The Captain's Lady
by Louise M. Gouge (website)
Inspirational Historical Romance (Love Inspired, March '10)
Book Blurb: "He devoted his life to his country... and his love to a British lady." From the book cover.
On a scale of Vanilla to Dark Chocolate, this book is very Vanilla. Exactly what audiences of Steeple Hill Love Inspired expect from their books.
Eye-Roll Factor: 7/10
Some of the God-interactions were frustratingly unemotive and unnecessary. At times, it felt like faith was an unnecessary addition to the narrative, instead of the foundation undergirding it all. However, there were glimmers where the characters' interactions with God were believable and engaging, and drew me farther into the story instead of pushing me away. In general, much better than I expected.
The Cosmo Factor: 19/25
Marianne, as a heroine, shows signs (at times) of Anne Elliot's brilliance (from Austen's Persuasion), and in general, this book felt very Persuasion-esque. With the characters obviously in love from the beginning, but kept apart by outside circumstances and inner perceptions. Where Marianne failed as a heroine, she also succeeded. Her persistence was both endearing and slightly annoying. So while I appreciated her in the areas where she mirrored Anne Elliot (truly my favorite sea-faring heroine of all time), I don't think I could stand to sit down at a table with her for very long. In the Persuasion language, she was more of a Mary than an Anne. Not quite an Elizabeth. But definitely not Anne. All in all, she was engaging and readable, but did not make me want to know her on a personal level, nor read the book again.
The Dining Room to Bedroom Factor: 22/25
Jamie Templeton might be my new favorite sea-faring hero (although, if I"m honest, my heart will always belong to Frederick Wentworth). I so appreciated his character, his integrity, and his struggle. He was engaging as a hero, and on a level that I appreciate. There's nothing that frustrates me more than when romance novel heroes lack substance (i.e. they are nice to look at, but not much fun to be with). This was definitely not the issue with Jamie Templeton. He is a man of substance, and a man that I would as easily want to have staring into my eyes as I would want to listen to him talk (or talk while he listens to me). This is the kind of hero that really makes women want to read romance novels, in my opinion. The one that you want at your side as much as in your bed.
The Braveheart Factor: 9/10
Definitely consistent with what I know of this historical time period. I appreciated that it wasn't the same-old-same-old Regency story. I loved that it was set in England during the American Revolutionary War. A new twist for me, as a reader. One thing that really (and I mean, really) bothered me was that in a book with a main character named Marianne, there was also a character named Emma. I realize that not everyone is a Jane Austen freak the way I am, but as I saw those names, I immediately went to Austen. It's not like Persuasion, which is relatively unknown. I could read a story about an Anne and a Mary without immediately thinking Persuasion. But Marianne and Emma are just such unique names and are so attached to specific Austen characters... it was a distraction for me. Perhaps not for everyone, though.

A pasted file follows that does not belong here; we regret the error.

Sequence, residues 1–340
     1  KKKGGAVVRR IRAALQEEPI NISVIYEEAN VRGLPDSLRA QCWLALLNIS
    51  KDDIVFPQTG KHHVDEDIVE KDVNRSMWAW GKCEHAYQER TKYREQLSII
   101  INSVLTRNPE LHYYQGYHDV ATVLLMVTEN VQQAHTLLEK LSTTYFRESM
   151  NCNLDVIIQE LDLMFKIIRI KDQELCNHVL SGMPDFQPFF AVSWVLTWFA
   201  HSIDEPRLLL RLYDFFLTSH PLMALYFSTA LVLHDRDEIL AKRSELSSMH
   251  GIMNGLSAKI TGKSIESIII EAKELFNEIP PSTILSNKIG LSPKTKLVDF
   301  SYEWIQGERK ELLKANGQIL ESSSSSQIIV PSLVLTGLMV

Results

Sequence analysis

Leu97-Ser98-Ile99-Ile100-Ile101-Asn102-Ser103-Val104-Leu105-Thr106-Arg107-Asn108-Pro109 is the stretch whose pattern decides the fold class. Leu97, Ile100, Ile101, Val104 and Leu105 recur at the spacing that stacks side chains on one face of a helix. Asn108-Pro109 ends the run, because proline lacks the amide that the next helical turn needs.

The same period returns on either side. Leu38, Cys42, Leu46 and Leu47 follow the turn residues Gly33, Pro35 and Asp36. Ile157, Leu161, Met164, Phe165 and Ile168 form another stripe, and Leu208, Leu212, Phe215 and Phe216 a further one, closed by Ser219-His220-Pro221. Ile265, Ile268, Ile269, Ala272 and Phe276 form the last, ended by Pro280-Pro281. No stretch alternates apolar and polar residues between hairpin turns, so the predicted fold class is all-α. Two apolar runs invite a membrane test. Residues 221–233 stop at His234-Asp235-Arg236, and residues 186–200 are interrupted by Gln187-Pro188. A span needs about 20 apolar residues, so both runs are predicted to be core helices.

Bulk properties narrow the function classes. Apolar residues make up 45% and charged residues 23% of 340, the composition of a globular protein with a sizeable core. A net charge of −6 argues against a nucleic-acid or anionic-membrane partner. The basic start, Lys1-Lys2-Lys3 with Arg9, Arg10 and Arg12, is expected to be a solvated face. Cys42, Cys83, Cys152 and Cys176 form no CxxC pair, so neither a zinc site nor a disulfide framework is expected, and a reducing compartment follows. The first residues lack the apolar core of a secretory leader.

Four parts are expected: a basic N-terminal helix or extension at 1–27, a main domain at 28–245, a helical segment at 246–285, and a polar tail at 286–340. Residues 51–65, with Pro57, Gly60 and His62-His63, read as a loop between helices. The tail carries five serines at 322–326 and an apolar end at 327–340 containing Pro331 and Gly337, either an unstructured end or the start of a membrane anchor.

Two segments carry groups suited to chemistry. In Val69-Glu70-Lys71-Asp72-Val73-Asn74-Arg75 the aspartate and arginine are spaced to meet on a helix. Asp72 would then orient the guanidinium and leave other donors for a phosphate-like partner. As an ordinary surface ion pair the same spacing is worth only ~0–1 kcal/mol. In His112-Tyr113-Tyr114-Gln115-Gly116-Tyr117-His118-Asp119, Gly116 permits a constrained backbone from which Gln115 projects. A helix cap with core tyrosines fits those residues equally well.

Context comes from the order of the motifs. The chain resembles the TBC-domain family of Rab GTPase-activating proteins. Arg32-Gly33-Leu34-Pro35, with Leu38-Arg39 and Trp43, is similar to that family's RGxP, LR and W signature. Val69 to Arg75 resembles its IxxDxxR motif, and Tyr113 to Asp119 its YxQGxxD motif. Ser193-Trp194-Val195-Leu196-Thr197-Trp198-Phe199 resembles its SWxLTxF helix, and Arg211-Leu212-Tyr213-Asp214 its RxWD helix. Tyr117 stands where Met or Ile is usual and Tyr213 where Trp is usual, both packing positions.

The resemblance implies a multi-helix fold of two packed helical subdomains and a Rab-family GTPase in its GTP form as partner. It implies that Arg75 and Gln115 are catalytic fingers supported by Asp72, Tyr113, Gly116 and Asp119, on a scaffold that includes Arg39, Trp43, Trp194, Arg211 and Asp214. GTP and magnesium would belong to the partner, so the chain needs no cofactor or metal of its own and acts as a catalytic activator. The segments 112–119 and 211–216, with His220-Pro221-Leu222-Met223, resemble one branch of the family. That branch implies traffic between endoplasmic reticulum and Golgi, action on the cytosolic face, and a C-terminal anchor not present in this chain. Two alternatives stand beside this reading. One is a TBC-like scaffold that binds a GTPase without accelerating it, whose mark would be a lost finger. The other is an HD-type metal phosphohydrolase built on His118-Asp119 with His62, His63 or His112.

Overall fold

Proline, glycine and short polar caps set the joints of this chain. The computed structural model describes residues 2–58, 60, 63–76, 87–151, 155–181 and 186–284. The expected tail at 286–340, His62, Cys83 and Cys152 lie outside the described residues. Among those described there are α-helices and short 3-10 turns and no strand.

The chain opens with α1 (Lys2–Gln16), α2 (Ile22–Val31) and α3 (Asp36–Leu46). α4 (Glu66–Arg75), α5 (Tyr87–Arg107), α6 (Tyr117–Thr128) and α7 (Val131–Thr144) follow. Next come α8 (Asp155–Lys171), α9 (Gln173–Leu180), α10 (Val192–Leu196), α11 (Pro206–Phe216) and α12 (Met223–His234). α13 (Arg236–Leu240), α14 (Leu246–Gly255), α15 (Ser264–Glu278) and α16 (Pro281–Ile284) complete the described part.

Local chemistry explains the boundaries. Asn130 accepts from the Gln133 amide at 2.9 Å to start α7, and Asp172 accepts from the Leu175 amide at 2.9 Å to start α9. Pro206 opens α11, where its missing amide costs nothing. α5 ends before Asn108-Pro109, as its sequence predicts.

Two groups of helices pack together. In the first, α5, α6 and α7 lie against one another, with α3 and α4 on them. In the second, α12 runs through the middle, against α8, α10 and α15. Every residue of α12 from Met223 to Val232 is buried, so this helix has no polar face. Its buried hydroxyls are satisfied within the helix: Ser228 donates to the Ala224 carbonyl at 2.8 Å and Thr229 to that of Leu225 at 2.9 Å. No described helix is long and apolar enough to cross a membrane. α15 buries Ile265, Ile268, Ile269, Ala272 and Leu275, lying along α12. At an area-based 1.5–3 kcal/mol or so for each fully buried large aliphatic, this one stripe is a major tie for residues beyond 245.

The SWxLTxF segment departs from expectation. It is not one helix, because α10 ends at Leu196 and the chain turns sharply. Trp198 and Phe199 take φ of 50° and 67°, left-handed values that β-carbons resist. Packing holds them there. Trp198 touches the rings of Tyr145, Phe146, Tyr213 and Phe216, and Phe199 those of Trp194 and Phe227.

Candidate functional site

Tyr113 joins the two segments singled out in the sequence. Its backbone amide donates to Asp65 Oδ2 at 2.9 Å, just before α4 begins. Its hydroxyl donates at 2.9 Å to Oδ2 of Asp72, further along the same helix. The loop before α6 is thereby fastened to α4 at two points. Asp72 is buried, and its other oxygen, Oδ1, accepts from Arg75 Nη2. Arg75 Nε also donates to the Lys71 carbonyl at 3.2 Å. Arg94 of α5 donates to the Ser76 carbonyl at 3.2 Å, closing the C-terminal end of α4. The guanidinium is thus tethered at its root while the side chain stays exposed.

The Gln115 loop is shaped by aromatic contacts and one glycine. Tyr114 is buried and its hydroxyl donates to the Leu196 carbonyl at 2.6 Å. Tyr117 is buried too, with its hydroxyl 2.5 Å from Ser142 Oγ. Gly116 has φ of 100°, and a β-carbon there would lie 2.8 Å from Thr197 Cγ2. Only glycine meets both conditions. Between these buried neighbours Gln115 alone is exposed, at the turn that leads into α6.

The Nostalgia Re-Read Factor: 7/10
I may end up reading this again to get to spend some more time with Jamie Templeton in all his interpersonal hotness. But in general, this is not a book I plan to read again. I will, however, pass it along to my local library so others can have the pleasure of reading it. It was a good book, after all, so I give it points for that.
The Skim Factor: 9/10
Not much skimming going on. I will admit to skimming toward the end, out of impatience to find out what happened, but what I really appreciated about this book is that there was always something at stake. I never got lulled into a sense of boredom that necessitated skimming. That's a hallmark of good writing. Nice work to Ms. Gouge. It's difficult to hold someone's attention for 279 pages entirely, especially when you know from the beginning that they're both in love. Or mostly from the beginning. But it was great.
The Little People Factor: 8/10
Unlike the shorter Steeple Hill books, the Love Inspired Historical line has about 25,000 more words to it, so that tends to provide for more development of the minor characters (which is usually my biggest complaint about the shorter LI lines). I appreciated the extra length in this book. I still felt like it could have benefited from another 25,000 words to be really well-developed, especially when it came to some of the minor characters who played major roles in the plot. But all in all, I felt like this category was well-done. None of them stick out in my mind, though... which is not a good thing. Still... Jamie... aaaahhh... :-)
Overall Evaluation: 81/100
What really made me stop and look at it in the supermarket was the cover. Isn't that beautiful? Sometimes when you pick up books with beautiful covers, it's like buying a new computer because it looks pretty... you end up with a really beautiful-looking lemon. But that was definitely not the case with this book. This was a good Christian Historical Romance novel. For those of you who don't subscribe to Love Inspired Historicals, and instead pick them up randomly at Wal Mart, KMart, Target, or the supermarket or bookstore, I would suggest going out and getting this one. It's a very cool spin on a time period that I don't see much in historical fiction. If you enjoy this type of book, I think you'll spend a few good hours with Louise M. Gouge in The Captain's Lady.